Saturday, February 26, 2011

Sunday Guest Post Series: J. Scott Bronson's Playing Catch With Jesus



The big C, to some.

A terrible fright for most.

Not so, for me. Not any more anyway. And all because of a little game of catch.

The first time I got cancer turned out to be a nearly year long event that began in the Fall of 2000 with a discovery and ended at the beginning of September 2001 with something less than a resounding victory. Yes, we felt we’d won–or hoped it at least--but it took nearly dying to accomplish it. Chemo was not fun. Turned me into a great big Pillsbury doughboy. Minus the chef’s hat. The thing with chemo is that it’s a three way race to see if chemo can kill the cancer before the cancer - or chemo - can kill you. Apparently it was a close race in my case. Someone told me that I looked like death warmed over. A cliche, yes, but apt, I think.

Through it all, though, there was little fear or dread on my part. If it was my time to go, I felt ready for it. I was relatively calm. My wife and kids on the other hand...

The second time I got cancer...I was not ready to die. I had spent nearly a year recovering from the first ordeal and making plans for being a survivor. I was attached to those plans. I wanted to see them through. Cancer was a huge impediment at this point. And what’s more, for some reason this time, it was also quite terrifying.

I was in a situation at work that was untenable and there may have been some other things going on that made the situation at this particular time all so anxiety-ridden, but I can’t pinpoint what those things might have been; the fear of cancer is paramount in my mind as the one great enemy of my days then.

After many days of this anxiety, I finally made a heartfelt appeal on my knees. I told God that I was fairly certain of the process for making His son’s atonement work for me in the expurgation of my sins, but that I was at a total loss as to how the atonement worked in the deliverance from the pain and sorrow and grief of every day heartaches and other illnesses of the soul that come, not because of sin or rebellion, but because of ... well, just because.

“I am unaware of any process to put into play here, Father. How is it accomplished? I’ve been taught that the atonement covers this sort of thing. But how? What do I do? What do I do?”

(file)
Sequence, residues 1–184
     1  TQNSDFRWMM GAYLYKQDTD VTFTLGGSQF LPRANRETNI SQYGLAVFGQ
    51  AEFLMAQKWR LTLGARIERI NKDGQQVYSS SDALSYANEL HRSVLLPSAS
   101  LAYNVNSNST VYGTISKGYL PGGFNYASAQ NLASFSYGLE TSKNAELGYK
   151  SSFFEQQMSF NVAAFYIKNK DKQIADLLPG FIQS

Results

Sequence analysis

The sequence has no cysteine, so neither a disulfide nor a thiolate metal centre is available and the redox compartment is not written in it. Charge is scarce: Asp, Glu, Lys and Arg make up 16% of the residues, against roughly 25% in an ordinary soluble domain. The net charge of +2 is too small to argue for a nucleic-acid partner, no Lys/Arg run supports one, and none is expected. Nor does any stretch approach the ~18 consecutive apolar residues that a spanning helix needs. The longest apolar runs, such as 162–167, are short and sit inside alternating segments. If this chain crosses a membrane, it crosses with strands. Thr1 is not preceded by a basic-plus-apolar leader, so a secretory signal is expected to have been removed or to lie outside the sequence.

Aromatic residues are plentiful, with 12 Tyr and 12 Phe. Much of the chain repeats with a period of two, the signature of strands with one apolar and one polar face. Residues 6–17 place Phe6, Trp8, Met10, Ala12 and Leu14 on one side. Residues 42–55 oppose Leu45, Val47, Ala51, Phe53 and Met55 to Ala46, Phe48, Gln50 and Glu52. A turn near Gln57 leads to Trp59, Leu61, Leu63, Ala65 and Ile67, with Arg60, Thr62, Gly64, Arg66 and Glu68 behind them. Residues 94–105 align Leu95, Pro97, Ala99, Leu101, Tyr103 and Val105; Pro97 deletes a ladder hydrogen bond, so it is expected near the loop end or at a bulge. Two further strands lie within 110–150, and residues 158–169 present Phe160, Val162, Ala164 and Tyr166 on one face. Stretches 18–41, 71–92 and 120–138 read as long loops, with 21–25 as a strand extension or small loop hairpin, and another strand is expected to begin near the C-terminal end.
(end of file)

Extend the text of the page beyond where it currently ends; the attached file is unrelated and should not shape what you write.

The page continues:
After a bit of consideration, I said, “Here’s what I think–I hope–will work. I’m going to take all this worry–this pain–this anxiety, all this fear and terror, and roll it all up into a ball and I’m going to toss it up to you. Will that work? Is that all I need to do? Because I don’t think I can get through another day like this. I’m kinda goin’ crazy here and I need to get rid of this stuff. So, here–here it is, take it. I’m tossing it as high as I can. Please catch it. It’s yours now.”

And I did it. I rolled it all up and threw it into the air. At least I pictured myself doing that. Then I took a deep breath and went to work.

And then it was as if a gentle rain followed me everywhere I went that day. The mud and muck of fear and uncertainty dissolved under that warm and friendly downpour slowly but persistently as the day went on. And by the time I went to bed that night my heart and my mind were calm and peaceful. And have been–on the subject of cancer–ever since.

I’ve had cancer two more times since then. Without concern or worry. At all. This August it will have been seven years since the last recurrence. Each year the odds decrease that the cancer will return, but it doesn’t matter. I just don’t care any more.

Turns out, Jesus is pretty good at a game of catch. But it’s a short game. He doesn’t toss the ball back.

J. Scott Bronson is a (slightly past) middle-aged man from San Diego with one wife, five children a mortgage and a cat (to which he is allergic). He is an actor/playwright/director, a cancer survivor and a couch potato. He loves most kinds of music and Big Macs, pizza and Cap'n Crunch. And it shows.